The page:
Why watch a Passion Play this Easter?

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Free, live performances of the Easter story take place each year across the UK. Events from the last week of Jesus Christ’s life are retold by local actors working with professional theatre companies to create compelling live theatre that is free for everyone. For many people, they are the best way to experience the story at the heart of Easter. Whether you know the story very well, or know nothing at all, you can experience it in through drama and music as it unfolds on the streets around you.

The Passion tells a real story of true events. And so it’s no accident that it has all the elements of stories that are compelling and confronting: treachery, betrayal, injustice, sacrifice, redemption and a startling ending.

It was the first time I thought of Jesus as my friend.

The Easter story never gets boring and each new Passion Play gives us rich new understanding and inspiration.

For people who already know a lot about Easter, the live experience of the people and events from the Easter story brings everything to life in a whole new way. From hearing the famous words of Christ in their context to seeing the reactions of individuals among the crowds that followed him, there is always something new to discover. You might be familiar with Pontius Pilate washing his hands like Lady Macbeth or Judas who betrayed his friend for 30 pieces of silver, but how do they fit into the full story? Seeing it enacted in familiar spaces brings the Easter story to life and many people come back year after year.

It was so moving. It just brings everything to you. It blew me away!

What is not commonly known is the fact that England once had a long and rich history of Passion Plays. Plays about the death and resurrection were performed within the medieval Mystery Play cycles that were performed in York, Coventry, Lincoln, Chester and other places around the country. Every Easter people who were often illiterate could see the story of Easter take place in elaborate productions that used expensive costumes and fake blood for the crucifixion as well as fireworks and a flaming hell mouth for the resurrection and the defeat of the devil.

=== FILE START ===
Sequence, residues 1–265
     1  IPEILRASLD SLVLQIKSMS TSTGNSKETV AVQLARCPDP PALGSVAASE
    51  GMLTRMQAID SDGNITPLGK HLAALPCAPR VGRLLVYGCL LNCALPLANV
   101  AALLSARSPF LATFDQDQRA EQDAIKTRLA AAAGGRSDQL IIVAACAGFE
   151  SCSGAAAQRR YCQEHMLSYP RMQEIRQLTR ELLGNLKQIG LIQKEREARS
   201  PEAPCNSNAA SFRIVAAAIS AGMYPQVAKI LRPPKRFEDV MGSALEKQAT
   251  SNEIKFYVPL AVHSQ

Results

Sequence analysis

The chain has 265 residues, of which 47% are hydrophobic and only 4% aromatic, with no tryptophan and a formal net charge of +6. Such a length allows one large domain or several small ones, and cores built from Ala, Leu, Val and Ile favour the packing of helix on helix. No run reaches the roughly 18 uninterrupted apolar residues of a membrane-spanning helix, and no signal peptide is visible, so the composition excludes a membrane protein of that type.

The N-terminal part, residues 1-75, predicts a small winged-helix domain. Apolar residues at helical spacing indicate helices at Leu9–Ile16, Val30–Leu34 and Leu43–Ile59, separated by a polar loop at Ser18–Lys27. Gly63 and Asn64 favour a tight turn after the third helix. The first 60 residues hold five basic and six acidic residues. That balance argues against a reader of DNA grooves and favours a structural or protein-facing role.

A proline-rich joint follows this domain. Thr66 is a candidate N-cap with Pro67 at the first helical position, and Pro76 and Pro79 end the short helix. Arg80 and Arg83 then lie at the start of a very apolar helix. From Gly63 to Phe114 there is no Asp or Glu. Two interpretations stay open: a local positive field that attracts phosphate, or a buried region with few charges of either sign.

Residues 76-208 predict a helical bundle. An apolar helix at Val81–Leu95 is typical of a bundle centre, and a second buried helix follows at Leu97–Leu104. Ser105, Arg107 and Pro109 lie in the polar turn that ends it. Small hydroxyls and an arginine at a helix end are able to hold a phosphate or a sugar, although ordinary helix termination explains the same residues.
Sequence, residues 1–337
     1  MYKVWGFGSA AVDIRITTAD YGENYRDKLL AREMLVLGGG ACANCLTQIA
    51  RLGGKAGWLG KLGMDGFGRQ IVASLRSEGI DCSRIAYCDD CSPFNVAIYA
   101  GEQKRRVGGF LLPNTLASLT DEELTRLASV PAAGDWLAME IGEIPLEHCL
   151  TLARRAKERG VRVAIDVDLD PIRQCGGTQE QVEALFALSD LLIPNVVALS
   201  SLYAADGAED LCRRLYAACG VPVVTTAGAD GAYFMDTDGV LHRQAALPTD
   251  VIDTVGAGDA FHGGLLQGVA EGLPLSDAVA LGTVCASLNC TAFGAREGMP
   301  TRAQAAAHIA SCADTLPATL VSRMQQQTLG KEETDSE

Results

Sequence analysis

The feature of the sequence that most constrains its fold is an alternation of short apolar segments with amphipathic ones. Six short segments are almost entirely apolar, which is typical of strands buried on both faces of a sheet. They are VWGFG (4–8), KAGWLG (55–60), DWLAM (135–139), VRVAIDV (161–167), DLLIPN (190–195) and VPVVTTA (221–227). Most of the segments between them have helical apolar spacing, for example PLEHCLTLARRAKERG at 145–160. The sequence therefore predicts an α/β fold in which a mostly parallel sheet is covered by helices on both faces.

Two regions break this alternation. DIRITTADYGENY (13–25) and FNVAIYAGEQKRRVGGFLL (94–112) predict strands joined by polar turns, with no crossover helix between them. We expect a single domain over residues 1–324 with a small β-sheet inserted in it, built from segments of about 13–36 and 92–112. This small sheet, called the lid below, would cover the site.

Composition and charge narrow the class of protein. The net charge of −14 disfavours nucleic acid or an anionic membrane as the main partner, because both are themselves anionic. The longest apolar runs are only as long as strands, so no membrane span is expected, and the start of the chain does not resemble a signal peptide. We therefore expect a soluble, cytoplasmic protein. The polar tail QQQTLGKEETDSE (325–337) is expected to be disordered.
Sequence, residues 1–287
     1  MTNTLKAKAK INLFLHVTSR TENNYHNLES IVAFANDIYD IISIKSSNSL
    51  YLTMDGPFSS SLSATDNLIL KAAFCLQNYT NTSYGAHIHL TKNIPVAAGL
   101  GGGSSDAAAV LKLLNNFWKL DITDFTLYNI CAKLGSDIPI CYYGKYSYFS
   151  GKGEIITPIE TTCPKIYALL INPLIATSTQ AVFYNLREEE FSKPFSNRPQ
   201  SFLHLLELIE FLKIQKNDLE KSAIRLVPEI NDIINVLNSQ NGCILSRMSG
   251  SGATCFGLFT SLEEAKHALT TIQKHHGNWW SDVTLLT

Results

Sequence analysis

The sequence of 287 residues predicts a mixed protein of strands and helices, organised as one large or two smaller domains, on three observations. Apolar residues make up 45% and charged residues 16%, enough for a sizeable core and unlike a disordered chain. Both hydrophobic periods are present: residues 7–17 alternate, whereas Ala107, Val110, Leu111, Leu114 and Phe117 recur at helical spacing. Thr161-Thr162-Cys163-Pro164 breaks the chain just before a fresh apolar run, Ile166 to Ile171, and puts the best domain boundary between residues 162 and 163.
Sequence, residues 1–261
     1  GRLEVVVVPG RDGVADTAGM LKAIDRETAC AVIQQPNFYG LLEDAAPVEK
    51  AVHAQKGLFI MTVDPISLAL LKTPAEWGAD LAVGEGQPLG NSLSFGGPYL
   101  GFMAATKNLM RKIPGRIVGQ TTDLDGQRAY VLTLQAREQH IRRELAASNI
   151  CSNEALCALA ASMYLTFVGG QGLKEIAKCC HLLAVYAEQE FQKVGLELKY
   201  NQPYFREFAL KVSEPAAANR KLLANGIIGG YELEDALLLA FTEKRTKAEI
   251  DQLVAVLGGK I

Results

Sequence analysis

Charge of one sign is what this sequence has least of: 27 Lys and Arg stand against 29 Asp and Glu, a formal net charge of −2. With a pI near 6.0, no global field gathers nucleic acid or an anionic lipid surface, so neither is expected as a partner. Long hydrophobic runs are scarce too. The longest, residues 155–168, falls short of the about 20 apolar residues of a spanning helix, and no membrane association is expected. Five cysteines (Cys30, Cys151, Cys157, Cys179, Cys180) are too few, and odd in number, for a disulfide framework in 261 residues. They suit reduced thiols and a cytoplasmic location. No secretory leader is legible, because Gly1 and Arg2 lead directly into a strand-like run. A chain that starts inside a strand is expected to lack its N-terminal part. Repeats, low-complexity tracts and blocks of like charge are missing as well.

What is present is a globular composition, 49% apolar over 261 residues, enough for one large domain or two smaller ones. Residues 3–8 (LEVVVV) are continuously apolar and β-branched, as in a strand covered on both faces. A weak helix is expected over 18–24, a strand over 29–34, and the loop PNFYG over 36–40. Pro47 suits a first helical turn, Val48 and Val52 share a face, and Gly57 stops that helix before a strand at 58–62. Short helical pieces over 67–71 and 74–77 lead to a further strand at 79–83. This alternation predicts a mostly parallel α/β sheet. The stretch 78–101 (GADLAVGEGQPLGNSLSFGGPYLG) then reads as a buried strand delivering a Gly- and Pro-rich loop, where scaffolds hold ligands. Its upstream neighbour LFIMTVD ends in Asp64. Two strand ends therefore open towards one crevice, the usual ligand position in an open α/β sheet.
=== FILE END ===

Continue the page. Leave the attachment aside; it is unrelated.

I’m not religious but what an amazing day…

There were also additional scenes, such as the ‘Harrowing of Hell’ which attempted to dramatize what happened on Easter Saturday between Jesus’ death and resurrection. Since the Bible hints that Jesus descended into hell and set free the devil’s captives, the imaginative creators of the ‘Harrowing of Hell’ scenes had great fun showing the devil getting his just deserts in the bowels of hell.

Unfortunately, the Mystery Plays came to an end during the religious upheavals of the Reformation when the plays were thought to be too Catholic because they were performed on a Catholic feast day. By royal proclamation, all dramatization of religion and politics was banned and the Mystery Plays were no longer performed in public.

Today Passion Plays are enjoying a resurgence and can be found performed across the UK every Easter. The Medieval Mystery Plays began this resurgence when they were publicly performed during the Festival of Britain in 1951, and today they are performed regularly in York, Chester and Lincoln.

Find a play near you this Easter!

A woman with a microphone and one arm in the air standing on a plinth surrounded by a large crowd.